587Fluid flow in second gear manual selection Figs 524 and 519

During this phase of gear change, the main pressure regulating valve and throttle pressure valve operate as for neutral and park.

When the manual selector valve is in '2' position, line pressure passes to the forward clutch piston to apply the clutch plates. Similarly, line pressure is also directed to the middle of the 1-2 shift valve. When road speed is high enough, governor pressure will be sufficient to push the valve to one side, thus uncovering the port feeding the accumulator and the second gear band servo piston on the applied side.

In the second gear — manual selection position, line pressure passing to the 2-3 shift valve is blocked so that a 2-3 upshift is prevented.

In first gear a reduced pressure is applied at the end of the main pressure regulating valve, causing a reduced line pressure to be created. Likewise in second gear full line pressure will act behind the main pressure regulating valve so that the line pressure is further reduced.

5.8.8 Fluid flow in drive range — second gear — forced kickdown (Figs 5.24 and 5.15(b)) Similarly as for all other manual selector positions, the main pressure regulating valve and throttle pressure valve operate in the same way as for neutral and park.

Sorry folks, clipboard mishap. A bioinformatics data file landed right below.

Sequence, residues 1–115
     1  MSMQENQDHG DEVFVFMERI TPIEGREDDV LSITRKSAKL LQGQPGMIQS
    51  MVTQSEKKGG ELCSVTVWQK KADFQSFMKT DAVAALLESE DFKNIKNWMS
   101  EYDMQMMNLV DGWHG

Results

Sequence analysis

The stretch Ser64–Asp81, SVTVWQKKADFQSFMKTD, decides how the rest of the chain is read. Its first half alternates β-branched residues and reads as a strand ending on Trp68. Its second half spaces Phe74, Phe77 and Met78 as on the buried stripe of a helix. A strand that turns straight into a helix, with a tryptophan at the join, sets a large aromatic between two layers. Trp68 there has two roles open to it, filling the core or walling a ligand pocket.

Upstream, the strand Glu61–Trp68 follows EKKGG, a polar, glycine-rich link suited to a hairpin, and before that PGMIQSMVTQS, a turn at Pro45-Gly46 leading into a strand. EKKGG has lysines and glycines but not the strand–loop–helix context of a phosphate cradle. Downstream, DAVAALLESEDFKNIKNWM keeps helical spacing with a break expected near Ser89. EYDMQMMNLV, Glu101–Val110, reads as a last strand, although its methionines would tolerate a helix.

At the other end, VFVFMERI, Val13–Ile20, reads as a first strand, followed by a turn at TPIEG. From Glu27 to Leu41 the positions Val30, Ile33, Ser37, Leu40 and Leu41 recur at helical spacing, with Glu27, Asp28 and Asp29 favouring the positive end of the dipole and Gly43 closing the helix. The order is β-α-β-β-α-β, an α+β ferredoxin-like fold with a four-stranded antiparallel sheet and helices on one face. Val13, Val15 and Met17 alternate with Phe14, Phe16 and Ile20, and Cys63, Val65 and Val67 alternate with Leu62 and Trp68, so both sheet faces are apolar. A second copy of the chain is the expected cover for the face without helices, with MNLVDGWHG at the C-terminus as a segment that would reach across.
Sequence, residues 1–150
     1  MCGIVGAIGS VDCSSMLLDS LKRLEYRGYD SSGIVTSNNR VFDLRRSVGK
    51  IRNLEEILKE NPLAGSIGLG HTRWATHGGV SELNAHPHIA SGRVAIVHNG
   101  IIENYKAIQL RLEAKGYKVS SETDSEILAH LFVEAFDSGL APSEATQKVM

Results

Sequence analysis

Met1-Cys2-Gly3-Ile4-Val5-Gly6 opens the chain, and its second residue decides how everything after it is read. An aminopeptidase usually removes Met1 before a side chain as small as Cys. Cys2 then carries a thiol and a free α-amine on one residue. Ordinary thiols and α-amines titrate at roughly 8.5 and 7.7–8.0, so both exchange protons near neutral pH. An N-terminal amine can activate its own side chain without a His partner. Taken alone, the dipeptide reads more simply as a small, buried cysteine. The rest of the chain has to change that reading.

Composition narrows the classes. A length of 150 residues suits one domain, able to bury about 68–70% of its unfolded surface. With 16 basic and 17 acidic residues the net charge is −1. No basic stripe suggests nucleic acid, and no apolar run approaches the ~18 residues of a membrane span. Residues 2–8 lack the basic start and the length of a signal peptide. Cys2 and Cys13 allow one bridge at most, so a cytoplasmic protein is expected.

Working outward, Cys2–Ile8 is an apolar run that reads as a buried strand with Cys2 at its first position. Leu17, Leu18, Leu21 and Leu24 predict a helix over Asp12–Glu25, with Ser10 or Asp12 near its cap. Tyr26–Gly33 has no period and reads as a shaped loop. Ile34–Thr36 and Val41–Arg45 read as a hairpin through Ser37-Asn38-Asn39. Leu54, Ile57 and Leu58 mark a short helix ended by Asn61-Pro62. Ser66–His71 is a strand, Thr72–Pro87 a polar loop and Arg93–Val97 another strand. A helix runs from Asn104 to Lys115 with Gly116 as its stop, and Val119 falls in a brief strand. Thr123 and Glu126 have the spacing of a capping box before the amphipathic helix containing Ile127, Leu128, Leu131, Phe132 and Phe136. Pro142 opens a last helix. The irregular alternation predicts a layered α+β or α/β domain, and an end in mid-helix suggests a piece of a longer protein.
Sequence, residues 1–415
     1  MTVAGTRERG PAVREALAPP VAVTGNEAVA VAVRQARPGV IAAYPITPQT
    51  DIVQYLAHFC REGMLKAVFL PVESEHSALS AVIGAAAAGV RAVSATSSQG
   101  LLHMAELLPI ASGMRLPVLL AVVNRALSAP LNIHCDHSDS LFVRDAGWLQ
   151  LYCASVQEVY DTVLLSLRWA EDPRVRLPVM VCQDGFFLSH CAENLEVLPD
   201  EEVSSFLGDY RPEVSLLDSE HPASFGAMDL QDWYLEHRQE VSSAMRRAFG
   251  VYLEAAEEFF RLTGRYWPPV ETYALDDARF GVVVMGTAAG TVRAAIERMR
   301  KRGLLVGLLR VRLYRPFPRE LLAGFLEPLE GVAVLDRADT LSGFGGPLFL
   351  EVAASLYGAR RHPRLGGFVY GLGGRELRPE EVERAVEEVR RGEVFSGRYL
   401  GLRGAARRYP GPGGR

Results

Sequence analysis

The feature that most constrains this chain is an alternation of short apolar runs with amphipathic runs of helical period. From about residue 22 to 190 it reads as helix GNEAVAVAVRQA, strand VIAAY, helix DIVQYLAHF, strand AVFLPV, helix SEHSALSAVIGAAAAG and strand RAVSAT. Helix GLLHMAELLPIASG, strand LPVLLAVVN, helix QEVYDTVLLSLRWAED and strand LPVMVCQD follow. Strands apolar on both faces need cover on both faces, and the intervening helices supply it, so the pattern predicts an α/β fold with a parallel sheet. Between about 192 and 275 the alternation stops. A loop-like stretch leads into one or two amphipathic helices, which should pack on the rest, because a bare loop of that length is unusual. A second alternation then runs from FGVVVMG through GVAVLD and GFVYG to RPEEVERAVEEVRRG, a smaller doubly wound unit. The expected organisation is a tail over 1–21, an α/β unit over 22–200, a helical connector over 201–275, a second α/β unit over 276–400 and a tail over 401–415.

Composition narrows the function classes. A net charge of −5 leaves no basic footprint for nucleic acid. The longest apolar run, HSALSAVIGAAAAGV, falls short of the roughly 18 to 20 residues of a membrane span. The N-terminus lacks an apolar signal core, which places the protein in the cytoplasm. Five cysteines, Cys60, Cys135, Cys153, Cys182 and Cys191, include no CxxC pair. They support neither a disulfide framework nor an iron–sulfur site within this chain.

With the manual selector valve in D and the accelerator pedal fully depressed, the kickdown valve reduced waste aligns with the kickdown line outlet port thus causing throttle pressure to flow into the kickdown lines.

Kickdown pressure now flows to 1-2 and 2-3 governor plugs assisting the throttle pressure applied on the 1-2 and 2-3 shift valves. When the governor pressure is low enough, throttle pressure and kickdown pressure overcomes governor pressure, causing the 2-3 governor plug to move to the right. As a result, the 2-3 shift valve moves to exhaust oil from the drive and reverse clutch piston chamber and the second gear band servo piston spring chamber causing a 3-2 downshift to occur.

Do It Yourself Car Diagnosis

Do It Yourself Car Diagnosis

Don't pay hundreds of dollars to find out what is wrong with your car. This book is dedicated to helping the do it yourself home and independent technician understand and use OBD-II technology to diagnose and repair their own vehicles.

Get My Free Ebook


Post a comment